What were you doing when you were 17? Were you playing to a sold-out crowd at The Crystal Ballroom? Yeah, me neither.
While it might be something of a cliche to make a big deal of her age, there's no denying that Lorde's status as a teenage rockstar is a large part of her cachet. And judging by the screaming crowd that turned out en masse for her sold out show on Wednesday, that cachet is not insignificant. For Day 4 of December To Remember, the Kiwi singer played an early show at the Crystal in advance of Vampire Weekend, marking her first (but hopefully not last) visit to the City of Roses.
For her Portland debut, Lorde played an impressive set featuring almost all of the songs on her freshman release, Pure Heroine. Although the album's only been out for a little over two months, the crowd seemed to know every song by heart, singing along at the top of their lungs - only falling silent during her breakout hit, "Royals" (at first this struck me as strange - until I realised that almost everyone had stopped to capture the moment on their phones). Lorde wrapped up her set with her most recent single "Team" and, after a brief aside to rail against encores (she opined that they always seem forced), she closed out with "A World Alone."
Seeing her in person, you realize just how young Lorde really is (she turned 17 just last month), but her youthfulness is belied by her articulation and impressive vocal capabilities. As far as Lorde's next visit to Portland goes, we may have to wait til it's announced, but I think most of her fans would agree - Lorde can be on our team, anytime she wants.
As December To Remember entered its third night, the love fest continued at the Crystal Ballroom with another stellar show, this time featuring Hunter Hunted, Said The Whale, and Portland's perennial favorites, The Mowgli's.
Los Angeles duo Hunter Hunted got the party started with a short, solid set that was equally notable for its light, airy vocals and for their killer cover of The Pixies' "Where is My Mind?", before relinquishing the stage to Said the Whale. This Vancouver BC based quintet proved that they were an opener in name only - they rocked and riled up the crowd as well as any headliner I've seen. Interestingly, four of their five members took turns on vocals, giving the band a pretty wide range of sound, from the ballad-like "Seasons" to their hit single "I Love You," which has a bit of Britt Daniel vibe.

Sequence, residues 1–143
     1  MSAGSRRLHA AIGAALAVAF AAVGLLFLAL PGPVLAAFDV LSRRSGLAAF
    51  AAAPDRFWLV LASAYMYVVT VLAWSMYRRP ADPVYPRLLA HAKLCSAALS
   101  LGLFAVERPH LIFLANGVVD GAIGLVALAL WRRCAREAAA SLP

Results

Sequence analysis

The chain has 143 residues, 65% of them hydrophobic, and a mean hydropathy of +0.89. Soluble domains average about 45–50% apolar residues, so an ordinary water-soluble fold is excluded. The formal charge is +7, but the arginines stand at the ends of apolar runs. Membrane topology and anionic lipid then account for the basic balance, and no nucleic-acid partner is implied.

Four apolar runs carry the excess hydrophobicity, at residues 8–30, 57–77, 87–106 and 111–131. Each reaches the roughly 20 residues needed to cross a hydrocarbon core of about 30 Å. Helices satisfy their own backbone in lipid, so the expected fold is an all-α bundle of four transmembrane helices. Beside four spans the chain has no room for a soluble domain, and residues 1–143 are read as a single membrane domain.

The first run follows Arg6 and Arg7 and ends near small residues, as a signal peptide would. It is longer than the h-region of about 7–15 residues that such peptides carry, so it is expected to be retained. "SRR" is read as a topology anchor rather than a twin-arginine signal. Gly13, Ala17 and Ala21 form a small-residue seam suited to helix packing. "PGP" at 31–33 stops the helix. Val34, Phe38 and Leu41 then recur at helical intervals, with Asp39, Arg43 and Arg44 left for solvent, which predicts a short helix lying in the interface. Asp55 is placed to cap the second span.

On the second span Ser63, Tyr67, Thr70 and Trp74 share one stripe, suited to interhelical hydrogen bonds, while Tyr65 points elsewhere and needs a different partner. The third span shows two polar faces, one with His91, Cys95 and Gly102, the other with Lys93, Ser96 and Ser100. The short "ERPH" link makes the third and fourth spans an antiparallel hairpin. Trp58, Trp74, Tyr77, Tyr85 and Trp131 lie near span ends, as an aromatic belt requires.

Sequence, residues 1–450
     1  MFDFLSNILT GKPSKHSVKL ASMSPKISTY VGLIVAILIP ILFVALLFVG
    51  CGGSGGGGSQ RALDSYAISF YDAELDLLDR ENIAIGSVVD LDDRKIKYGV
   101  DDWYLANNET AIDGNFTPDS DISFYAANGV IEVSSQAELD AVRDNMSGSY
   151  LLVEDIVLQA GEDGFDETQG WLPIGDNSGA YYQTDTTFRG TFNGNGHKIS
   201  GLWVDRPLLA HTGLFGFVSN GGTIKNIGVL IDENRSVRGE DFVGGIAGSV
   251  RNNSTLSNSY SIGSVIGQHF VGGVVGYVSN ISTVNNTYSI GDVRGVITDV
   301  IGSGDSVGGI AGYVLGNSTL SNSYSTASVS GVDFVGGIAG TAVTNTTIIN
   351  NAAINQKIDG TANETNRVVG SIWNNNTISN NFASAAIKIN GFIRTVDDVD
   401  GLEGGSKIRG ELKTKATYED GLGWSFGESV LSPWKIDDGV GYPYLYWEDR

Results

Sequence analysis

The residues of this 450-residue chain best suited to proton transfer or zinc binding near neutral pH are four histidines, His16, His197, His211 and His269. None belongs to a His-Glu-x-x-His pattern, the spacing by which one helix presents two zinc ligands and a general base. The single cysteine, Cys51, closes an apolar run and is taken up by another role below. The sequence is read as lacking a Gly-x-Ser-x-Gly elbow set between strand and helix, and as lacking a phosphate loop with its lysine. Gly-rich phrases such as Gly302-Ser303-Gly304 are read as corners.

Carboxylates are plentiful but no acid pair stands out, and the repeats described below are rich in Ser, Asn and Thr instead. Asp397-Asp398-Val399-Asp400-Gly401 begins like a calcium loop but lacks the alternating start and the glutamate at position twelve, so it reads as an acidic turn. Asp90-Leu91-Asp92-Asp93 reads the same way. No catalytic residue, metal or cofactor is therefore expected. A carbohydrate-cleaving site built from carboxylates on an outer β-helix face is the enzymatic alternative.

(Said The Whale)
After two rousing openers, The Mowgli's finally took the stage. After seeing the crowds at The Neighbourhood and Foals, I thought Portland couldn't get any more enthusiastic about a band... but I was sorely mistaken. The sound level at The Mowgli's never dipped below a low roar for their entire show. Much like their Dec2Rem compatriots and fellow Los Angeles residents, The NBHD, The Mowgli's made their Portland debut earlier this year during Febuary's "I Saw Them When" concert series at the Crystal, and are now making their third pass through Portland as part of their Random Acts of Kindness tour. And much like The NBHD, each show they've played in Portland has been successively better and better than the one that came before. The comparison ends there, though - because while The NBHD has always been a little too cool for school, The Mowgli's are all about spreading the love.
After kicking things off with "Emily", the band took the screaming crowd on a roller-coaster ride through their setlist, with band members jumping on amps, wading into the crowd, and encouraging the audience to sing (and at one point scream) along to favorites such as "Love Is Easy," "San Francisco," and "Time," all the while espousing their trademark gospel of peace, love and understanding. After the show, a couple of concertgoers told me they felt like they had gone to church and a rock concert, all in one - and while I'm not sure I would go that far, there's no doubt that everyone felt the love, that night.
For the second night of December To Remember, Portlanders were faced with a difficult choice: see Alt-J at Crystal Ballroom or Foals at Wonder Ballroom. Through the machinations of fate and circumstance, this writer ended up at the Wonder Ballroom - and while I hear Alt-J was stellar as well (by all accounts, both bands gave amazing performances), I don't regret going to see the Foals for one instant.